A common question is how to use real-time (Cassandra), analytics (Hadoop), or search (Solr) nodes in the same cluster. To mix workloads in a cluster, you need to segregate the real-time, analytics, or search nodes into separate data centers.
Within the same data center, attempting to run Solr on some nodes and real-time queries or analytics on other nodes does not work.
In production environments, do not run Solr and Hadoop on the same node. In development environments, running Solr and Hadoop on the same node is feasible.
A DSE data center (DC) can be physical or virtual. In this diagram, nodes in data centers 1 and 2 (DC 1 and DC 2) run a mix of:
Data centers 3 and 4 (DC 3 and DC 4) are dedicated to search.
Using workload provisioning, you can make some of your DSE nodes handle search while others handle MapReduce, or just act as ordinary Cassandra nodes. Cassandra ingests the data, Solr indexes the data, and you run MapReduce against that data, all in one cluster without having to do any manual extract, transform, and load (ETL) operations. Cassandra handles the replication and isolation of resources.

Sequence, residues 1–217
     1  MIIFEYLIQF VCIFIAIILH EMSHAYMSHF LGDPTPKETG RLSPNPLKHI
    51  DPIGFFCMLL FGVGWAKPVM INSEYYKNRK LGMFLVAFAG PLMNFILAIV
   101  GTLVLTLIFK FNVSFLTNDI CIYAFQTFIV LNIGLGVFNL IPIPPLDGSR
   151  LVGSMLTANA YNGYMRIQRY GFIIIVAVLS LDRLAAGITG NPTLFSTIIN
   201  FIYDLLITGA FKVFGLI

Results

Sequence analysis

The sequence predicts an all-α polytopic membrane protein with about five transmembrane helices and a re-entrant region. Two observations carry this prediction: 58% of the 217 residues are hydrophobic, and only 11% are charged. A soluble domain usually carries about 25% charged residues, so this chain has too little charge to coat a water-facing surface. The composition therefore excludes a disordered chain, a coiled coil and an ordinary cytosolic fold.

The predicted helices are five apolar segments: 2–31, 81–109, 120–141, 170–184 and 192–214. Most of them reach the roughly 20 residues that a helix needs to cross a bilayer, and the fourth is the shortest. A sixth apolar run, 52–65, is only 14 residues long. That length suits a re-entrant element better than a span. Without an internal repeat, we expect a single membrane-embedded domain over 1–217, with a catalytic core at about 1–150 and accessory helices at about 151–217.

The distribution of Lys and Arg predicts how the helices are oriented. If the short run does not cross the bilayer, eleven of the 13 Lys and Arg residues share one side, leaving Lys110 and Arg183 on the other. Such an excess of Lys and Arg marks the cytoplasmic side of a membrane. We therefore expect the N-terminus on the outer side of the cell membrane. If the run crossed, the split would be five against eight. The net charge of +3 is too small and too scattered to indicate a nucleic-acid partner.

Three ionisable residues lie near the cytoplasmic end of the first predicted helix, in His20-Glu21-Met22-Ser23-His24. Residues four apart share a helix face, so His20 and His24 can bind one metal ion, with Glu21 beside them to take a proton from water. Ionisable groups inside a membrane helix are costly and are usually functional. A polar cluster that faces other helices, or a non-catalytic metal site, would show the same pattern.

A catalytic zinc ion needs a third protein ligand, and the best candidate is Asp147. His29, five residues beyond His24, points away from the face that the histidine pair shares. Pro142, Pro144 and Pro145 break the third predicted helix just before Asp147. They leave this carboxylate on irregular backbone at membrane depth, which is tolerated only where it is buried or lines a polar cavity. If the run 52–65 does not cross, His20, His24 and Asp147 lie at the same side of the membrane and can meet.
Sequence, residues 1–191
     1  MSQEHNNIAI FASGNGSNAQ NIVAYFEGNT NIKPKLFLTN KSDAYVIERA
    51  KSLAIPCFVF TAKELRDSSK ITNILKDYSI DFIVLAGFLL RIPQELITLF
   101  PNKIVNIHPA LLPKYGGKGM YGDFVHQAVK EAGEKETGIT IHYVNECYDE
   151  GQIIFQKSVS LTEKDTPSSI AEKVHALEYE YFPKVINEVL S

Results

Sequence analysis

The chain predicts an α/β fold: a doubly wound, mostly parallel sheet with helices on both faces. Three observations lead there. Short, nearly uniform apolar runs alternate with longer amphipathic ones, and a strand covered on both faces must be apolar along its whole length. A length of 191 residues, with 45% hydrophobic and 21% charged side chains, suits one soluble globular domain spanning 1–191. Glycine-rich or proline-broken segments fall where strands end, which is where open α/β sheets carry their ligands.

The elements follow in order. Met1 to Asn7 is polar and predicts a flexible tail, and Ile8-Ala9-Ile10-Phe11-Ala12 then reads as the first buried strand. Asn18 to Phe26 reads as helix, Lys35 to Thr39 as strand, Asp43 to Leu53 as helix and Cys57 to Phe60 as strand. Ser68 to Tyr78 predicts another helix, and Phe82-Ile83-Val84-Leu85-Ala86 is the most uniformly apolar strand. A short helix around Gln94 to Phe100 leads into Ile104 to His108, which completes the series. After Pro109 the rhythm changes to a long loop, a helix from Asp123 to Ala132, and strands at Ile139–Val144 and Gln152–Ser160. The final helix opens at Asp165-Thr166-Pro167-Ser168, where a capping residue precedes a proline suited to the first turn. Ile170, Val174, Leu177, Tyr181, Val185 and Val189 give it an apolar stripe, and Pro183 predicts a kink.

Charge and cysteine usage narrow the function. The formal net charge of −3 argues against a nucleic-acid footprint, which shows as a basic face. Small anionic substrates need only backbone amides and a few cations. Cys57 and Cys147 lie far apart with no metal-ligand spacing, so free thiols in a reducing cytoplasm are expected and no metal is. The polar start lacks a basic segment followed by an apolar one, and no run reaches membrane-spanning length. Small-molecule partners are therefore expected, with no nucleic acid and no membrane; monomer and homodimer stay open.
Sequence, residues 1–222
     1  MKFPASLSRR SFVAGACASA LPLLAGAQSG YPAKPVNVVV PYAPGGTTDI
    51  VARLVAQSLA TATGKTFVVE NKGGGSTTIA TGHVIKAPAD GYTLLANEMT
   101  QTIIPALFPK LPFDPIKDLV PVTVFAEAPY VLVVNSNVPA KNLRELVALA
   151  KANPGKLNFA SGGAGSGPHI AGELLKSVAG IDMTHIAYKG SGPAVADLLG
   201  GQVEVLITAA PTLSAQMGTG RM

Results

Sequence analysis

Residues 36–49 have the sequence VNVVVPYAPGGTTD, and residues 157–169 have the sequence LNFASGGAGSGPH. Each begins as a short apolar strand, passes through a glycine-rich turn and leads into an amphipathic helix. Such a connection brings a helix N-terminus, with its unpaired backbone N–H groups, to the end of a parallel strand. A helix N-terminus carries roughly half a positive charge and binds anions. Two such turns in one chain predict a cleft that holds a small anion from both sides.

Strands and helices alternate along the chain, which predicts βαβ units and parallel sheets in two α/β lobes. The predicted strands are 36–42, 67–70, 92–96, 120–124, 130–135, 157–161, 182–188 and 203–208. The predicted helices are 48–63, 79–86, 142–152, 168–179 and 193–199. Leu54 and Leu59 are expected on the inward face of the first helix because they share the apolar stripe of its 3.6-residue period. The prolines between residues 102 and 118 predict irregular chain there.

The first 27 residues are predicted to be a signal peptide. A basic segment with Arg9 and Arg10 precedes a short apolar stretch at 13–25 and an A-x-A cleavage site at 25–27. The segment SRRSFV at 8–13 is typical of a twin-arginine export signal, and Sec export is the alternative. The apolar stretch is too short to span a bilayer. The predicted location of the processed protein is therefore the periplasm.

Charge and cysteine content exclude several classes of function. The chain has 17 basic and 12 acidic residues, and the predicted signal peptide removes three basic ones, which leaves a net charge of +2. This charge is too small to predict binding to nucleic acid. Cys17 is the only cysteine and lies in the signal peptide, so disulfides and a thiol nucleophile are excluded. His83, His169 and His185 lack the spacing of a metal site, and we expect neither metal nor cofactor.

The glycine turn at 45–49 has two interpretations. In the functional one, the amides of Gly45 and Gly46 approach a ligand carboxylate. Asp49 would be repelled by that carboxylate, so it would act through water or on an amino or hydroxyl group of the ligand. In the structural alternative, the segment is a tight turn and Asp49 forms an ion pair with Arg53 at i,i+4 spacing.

The Solr nodes run HTTP and hold the indexes for the column family data. If a Solr node goes down, the commit log replays the Cassandra inserts, which correspond to Solr inserts, and the node is restored automatically.
For more information about cluster partitioning by workload, Elastic Workload Re-provisioning.
To set up a mixed workload cluster, which is a cluster that has more than one data center to accommodate different types of nodes, see Multiple Data Center Deployment.
You set up replication for Solr nodes exactly as you do for other nodes in a Cassandra cluster, by creating or altering a keyspace to define the replication strategy.